What Is the Church of Jesus Christ of Latter-day Saints?

FX's true crime show Under the Banner of Heaven explores how religious fundamentalism led to the tragic deaths of 24-year-old Brenda Wright Lafferty and her 15-month-old daughter Erica.

The drama, which is based on Jon Krakauer's nonfiction book of the same name, examines this case in light of The Church of Jesus Christ of Latter-day Saints, also known as the LDS church or Mormon church.

It does so by recounting the faith's founding and also how Mormon detective Jeb Pyre (Andrew Garfield) struggles with his beliefs while investigating the horrific 1984 murders.

Here is everything you need to know about the Christian faith and its origins.

What Is The Church of Jesus Christ of Latter-day Saints?

Under the Banner of Heaven
Andrew Garfield as Mormon Detective Jeb Pyre in "Under the Banner of Heaven." Michelle Faye/FX

The LDS church is an American homegrown faith that was founded by Joseph Smith Jr. in the 1820s and is believed to have restored the true Church of Christ.

Smith proclaimed he was visited by an angel named Moroni in 1823 who told him of a sacred text inscribed on gold plates that was hidden under a rock fourteen hundred years earlier.

The morning after the divine visitation, Smith went to the location of the rock on Hill Cumorah, in New York, and found the gold plates. But they were taken away from him by the angel Moroni after he attempted to remove them from their hiding place.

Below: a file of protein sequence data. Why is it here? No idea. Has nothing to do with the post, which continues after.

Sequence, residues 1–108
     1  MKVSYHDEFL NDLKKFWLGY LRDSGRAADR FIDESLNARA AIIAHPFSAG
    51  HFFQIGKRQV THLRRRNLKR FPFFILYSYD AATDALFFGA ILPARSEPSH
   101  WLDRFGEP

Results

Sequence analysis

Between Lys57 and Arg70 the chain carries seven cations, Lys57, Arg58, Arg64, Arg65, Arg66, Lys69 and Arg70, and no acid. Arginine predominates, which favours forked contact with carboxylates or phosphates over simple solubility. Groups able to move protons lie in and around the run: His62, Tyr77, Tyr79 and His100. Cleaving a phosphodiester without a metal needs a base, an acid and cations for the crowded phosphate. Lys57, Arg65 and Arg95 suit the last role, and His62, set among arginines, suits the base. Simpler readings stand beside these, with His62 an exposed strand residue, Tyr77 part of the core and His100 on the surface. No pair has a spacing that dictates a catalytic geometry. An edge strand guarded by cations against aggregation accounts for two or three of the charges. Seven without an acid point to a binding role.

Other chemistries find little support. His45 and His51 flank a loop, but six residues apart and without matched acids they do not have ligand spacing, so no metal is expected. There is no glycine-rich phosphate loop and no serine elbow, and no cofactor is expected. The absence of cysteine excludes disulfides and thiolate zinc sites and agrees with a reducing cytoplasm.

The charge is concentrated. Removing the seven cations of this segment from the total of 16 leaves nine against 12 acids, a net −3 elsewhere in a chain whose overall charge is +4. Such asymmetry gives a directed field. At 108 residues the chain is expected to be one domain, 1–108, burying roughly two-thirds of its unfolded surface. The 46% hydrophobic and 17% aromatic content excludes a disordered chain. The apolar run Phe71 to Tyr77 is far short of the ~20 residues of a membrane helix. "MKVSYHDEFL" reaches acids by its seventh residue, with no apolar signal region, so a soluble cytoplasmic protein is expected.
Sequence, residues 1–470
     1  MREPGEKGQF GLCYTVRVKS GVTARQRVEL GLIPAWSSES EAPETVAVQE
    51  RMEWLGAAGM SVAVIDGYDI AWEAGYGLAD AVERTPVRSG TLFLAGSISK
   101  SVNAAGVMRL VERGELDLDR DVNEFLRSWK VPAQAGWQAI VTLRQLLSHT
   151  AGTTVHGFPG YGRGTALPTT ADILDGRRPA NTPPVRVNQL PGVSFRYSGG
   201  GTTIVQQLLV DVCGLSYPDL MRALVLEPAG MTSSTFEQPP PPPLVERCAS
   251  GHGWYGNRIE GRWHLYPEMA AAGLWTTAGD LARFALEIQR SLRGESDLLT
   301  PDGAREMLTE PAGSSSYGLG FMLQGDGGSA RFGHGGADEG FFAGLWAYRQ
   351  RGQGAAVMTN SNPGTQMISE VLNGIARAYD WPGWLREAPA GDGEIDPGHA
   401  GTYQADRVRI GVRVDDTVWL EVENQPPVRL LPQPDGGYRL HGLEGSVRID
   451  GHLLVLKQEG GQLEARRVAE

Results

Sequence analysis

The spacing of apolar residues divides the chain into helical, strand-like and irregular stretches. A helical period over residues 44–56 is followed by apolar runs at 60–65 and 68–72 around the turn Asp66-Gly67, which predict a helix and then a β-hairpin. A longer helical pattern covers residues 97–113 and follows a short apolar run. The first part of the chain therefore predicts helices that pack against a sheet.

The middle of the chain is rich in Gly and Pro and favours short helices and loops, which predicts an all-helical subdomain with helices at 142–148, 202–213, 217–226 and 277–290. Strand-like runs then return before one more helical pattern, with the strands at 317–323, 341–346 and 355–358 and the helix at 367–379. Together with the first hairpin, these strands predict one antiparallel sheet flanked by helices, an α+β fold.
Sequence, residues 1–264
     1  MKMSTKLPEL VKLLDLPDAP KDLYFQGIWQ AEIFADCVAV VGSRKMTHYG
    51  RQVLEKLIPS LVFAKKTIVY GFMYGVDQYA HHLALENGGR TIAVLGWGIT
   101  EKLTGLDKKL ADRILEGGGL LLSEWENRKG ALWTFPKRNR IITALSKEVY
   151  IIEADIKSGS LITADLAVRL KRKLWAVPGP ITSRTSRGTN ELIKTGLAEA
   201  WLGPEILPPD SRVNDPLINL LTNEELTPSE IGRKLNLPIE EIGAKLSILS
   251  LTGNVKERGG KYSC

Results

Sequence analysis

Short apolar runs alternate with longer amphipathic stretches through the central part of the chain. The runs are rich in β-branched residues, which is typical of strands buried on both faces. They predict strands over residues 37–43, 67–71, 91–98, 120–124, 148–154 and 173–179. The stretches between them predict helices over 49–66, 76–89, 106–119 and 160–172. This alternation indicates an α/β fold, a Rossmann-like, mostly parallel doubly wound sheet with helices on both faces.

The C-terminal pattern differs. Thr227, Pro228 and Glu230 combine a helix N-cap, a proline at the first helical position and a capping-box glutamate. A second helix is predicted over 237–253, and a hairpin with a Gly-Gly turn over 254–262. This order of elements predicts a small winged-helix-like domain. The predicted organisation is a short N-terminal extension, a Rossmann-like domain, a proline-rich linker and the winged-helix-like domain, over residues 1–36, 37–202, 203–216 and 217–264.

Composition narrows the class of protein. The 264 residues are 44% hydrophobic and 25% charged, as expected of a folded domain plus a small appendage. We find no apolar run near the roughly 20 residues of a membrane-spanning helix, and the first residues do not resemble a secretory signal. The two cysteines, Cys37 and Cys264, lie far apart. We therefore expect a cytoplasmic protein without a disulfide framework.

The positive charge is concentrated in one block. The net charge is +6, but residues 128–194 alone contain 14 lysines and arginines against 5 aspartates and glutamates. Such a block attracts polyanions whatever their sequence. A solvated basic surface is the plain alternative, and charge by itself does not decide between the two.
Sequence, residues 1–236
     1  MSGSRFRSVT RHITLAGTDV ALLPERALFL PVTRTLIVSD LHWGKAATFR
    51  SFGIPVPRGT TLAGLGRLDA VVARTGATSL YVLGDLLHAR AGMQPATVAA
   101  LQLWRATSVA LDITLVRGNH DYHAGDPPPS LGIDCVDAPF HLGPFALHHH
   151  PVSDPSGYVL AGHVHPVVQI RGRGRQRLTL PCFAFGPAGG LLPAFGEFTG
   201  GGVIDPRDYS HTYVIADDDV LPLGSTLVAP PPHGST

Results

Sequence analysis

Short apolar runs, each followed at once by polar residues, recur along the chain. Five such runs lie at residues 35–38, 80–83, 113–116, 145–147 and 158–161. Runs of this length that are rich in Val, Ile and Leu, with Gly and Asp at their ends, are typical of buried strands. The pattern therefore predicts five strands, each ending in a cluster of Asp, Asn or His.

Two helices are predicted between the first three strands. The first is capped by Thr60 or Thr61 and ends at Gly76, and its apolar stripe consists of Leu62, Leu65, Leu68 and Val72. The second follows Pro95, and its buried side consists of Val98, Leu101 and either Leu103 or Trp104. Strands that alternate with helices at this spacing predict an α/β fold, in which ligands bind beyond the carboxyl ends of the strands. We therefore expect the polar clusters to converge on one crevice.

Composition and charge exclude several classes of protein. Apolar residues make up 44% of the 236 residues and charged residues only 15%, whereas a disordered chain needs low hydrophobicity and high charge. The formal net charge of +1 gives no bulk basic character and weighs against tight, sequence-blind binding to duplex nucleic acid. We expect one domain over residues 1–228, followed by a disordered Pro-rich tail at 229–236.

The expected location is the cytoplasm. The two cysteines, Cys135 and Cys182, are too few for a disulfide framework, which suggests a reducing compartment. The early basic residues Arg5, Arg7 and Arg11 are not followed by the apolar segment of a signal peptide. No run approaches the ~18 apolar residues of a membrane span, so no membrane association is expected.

Moroni commanded Smith visit the site every year on September 22 until the time was right for the texts to be removed, so claimed Smith, and he was only allowed to remove the gold plates in 1827 after bringing new wife Emma Hale to the site upon the angel's command.

It took several attempts for Smith to translate the divine script, which contained a language described as "reformed Egyptian," per Krakauer, but in June 1829 he completed the translation.

Five thousand copies of the 588-page book were printed nine months later, and it was titled The Book of Mormon. The text became the basis for the religion Smith formally founded on April 6, 1830: The LDS church.

What is The Book of Mormon?

The Book of Mormon tells the history of an ancient Hebrew tribe led by a man named Lehi who, the text claims, traveled to North America with his large family some 600 years before the birth of Jesus Christ.

Lehi bequeathed the tribe to his youngest son Nephi, much to his brother Laman's disapproval, and upon their father's death the two formed rival clans: the Nephites and the Lamanites.

The Book of Mormon claims that following his resurrection, Jesus Christ traveled to North America to visit the two clans to share his new gospel, and urged them to work together.

According to Krakauer, the two clans worked together for several hundred years but then a rift led to a full-blown war between them in which the Lamanites slaughtered the 230,000 Nephites, including their leader Mormon.

The Book of Mormon claimed the Lamanites were ancestors of Native Americans, who lost memory of their heritage. Krakauer explained that modern DNA analysis has since disproven this claim.

Mormon's son Moroni recounted the last chapter of The Book of Mormon, and later became the same angel to visit Smith and tell him of the location of the ancient gold plate text.

Under the Banner of Heaven airs Thursdays on Hulu.

The Angel Moroni and Joseph Smith
Engraving showing the Angel Moroni delivering the plates of the Book of Mormon to Joseph Smith, of the Church of Jesus Christ of Latter Day Saints, 1907. Smith Collection/Gado/Getty Images